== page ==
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|Cyrillic letter Ghe|
|The Cyrillic script|
The Cyrillic letter Ghe was derived directly from the Greek letter Gamma (Γ γ), but the lowercase Ghe is a small version of the capital letter.
In the Early Cyrillic alphabet its name was глаголи (ɡlaɡoli), meaning "speak".
In the Cyrillic numeral system, Ge had a numerical value of 3.
Usage in Slavic languages
In standard Russian, Ghe represents the voiced velar plosive /ɡ/, except when it is devoiced to [k] word-finally or before a voiceless consonant, and it represents /ɡʲ/ before a palatalizing vowel. In the Southern Russian dialect, the sound becomes the velar fricative /ɣ/, and sometimes the glottal fricative /ɦ/ in regions bordering Belarus and Ukraine.
It is acceptable to pronounce certain Russian words with [ɣ] (sometimes referred to as Ukrainian Ge): Бог, богатый, благо, Господь (Bog, bogatyj, blago, Gospod’), although not all speakers use or agree with this. The sound is normally considered non-standard or dialectal in Russian and is avoided by educated Russian speakers. Бог (Bog, "God") is always pronounced [box] in the nominative case.
In the Russian nominal genitive ending -ого, -его, Ghe represents [v], including in the word сегодня ("today", from сего дня).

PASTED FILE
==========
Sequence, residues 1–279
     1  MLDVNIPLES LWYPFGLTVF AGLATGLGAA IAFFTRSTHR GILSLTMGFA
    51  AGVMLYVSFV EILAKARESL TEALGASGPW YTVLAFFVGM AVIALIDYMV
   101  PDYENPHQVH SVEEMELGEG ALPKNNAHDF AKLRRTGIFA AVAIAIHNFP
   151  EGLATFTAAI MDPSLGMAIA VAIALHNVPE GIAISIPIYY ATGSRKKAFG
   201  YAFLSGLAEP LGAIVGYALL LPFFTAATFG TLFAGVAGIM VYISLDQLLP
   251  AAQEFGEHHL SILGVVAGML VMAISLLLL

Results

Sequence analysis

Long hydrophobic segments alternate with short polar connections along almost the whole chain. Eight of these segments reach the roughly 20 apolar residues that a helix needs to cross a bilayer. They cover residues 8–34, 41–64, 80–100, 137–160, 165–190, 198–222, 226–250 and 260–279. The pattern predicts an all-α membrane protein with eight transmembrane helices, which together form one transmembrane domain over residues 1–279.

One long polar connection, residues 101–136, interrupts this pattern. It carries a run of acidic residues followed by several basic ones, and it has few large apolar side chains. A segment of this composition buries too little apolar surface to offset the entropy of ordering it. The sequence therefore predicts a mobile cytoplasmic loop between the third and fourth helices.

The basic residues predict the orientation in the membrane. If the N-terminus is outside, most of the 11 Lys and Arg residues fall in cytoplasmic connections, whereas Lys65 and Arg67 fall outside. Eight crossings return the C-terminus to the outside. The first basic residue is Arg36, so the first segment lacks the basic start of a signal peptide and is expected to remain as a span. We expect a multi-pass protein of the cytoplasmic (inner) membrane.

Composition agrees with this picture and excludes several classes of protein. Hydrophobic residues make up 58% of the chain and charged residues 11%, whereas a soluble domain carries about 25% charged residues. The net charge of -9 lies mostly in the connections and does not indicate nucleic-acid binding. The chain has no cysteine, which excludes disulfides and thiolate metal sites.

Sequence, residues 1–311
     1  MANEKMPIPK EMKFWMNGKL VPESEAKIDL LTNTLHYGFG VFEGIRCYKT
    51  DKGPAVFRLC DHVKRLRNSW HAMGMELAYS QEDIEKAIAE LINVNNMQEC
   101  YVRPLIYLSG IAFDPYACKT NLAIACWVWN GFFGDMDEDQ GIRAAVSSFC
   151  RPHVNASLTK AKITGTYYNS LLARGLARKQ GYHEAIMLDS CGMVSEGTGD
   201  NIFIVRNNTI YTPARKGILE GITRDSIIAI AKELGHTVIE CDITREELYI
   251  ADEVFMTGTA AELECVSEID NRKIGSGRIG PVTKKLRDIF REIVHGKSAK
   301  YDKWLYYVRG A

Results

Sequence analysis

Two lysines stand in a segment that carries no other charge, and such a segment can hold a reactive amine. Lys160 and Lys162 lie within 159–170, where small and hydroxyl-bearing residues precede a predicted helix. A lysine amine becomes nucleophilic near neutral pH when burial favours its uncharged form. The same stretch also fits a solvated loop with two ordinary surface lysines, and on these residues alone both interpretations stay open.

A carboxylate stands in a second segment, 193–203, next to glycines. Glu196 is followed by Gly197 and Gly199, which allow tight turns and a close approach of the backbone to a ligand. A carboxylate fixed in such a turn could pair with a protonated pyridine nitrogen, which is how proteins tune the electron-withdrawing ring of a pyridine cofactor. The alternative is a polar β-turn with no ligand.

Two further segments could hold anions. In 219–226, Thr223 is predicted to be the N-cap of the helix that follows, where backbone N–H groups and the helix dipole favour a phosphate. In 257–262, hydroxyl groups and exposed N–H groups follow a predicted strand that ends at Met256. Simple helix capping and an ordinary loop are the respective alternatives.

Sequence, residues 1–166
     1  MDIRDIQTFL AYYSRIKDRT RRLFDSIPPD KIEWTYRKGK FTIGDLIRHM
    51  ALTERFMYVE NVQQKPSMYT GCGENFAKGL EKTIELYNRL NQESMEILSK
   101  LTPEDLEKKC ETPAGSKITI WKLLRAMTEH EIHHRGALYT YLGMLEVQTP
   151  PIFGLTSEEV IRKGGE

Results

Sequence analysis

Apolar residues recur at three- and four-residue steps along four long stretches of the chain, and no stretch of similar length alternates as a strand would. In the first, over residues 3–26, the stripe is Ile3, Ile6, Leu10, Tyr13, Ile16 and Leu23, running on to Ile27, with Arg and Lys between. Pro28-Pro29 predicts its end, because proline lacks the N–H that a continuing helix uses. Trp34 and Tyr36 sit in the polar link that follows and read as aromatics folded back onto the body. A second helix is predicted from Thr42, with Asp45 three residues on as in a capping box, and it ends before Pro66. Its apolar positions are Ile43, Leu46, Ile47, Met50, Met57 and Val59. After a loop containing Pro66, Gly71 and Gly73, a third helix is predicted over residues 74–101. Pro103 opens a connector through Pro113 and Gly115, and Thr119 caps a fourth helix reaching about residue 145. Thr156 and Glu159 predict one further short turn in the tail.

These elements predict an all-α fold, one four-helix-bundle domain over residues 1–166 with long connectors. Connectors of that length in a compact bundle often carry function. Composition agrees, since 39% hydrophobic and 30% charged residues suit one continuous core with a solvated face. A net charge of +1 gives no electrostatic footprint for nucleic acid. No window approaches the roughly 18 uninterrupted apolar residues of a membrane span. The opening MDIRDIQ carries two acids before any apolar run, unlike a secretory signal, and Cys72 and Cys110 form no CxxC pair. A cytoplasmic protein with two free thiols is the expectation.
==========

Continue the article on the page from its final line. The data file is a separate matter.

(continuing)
The letter Ghe represents a voiceless [x] (not [k]) in front of the letter Ka in two Russian words, namely, мягкий and лёгкий, and their derivatives.
The Latin letter H of words of Latin, Greek, English, or German origin is usually transliterated into Russian with Ghe rather than Kha, e.g. hero → герой, hamburger → гамбургер, Haydn → Гайдн. This can occasionally cause ambiguity, as for example English Harry and Gary/Garry would be spelled the same in Russian (e.g., Гарри Поттер). The reasons for using Ghe to write h are fairly complex, but include the fact that Ghe is used for h in Ukrainian, Belarusian, and some Russian dialects, along with the perception that Kha sounds too harsh. Nevertheless, in newer loanwords (especially from English), the letter Kha is often used.
Belarusian and Ukrainian
In Ukrainian and Belarusian, a voiced velar plosive /ɡ/ is present only in loanwords and written with the Cyrillic letter Ghe with upturn (Ґ ґ) in Ukrainian and with the digraph кг in Belarusian.
In both languages the letter is called He and transliterated with H rather than with G.
Usage in non-Slavic languages
In many non-Slavic languages it can represent both /g/ and /ʁ~ɣ/ (the latter mostly in Turkic and in some Finno-Ugric languages).
Related letters and other similar characters
- Γ γ: Greek letter Gamma
- G g: Latin letter G
- Ґ ґ: Cyrillic letter Ghe with upturn, now just named ghe (or ge) in Ukrainian
- Ѓ ѓ: Cyrillic letter Gje
- Ғ ғ: Cyrillic letter Ghayn
- ₴: Ukrainian hryvnia (Currency sign)
|Unicode name||CYRILLIC CAPITAL LETTER GHE||CYRILLIC SMALL LETTER GHE|
|UTF-8||208 147||D0 93||208 179||D0 B3|
|Numeric character reference||Г||Г||г||г|
|KOI8-R and KOI8-U||231||E7||199||C7|
- Звуки на месте буквы г [Sounds in place of the letter г]. Scholarly Dialectical Atlas (in Russian). map 14.
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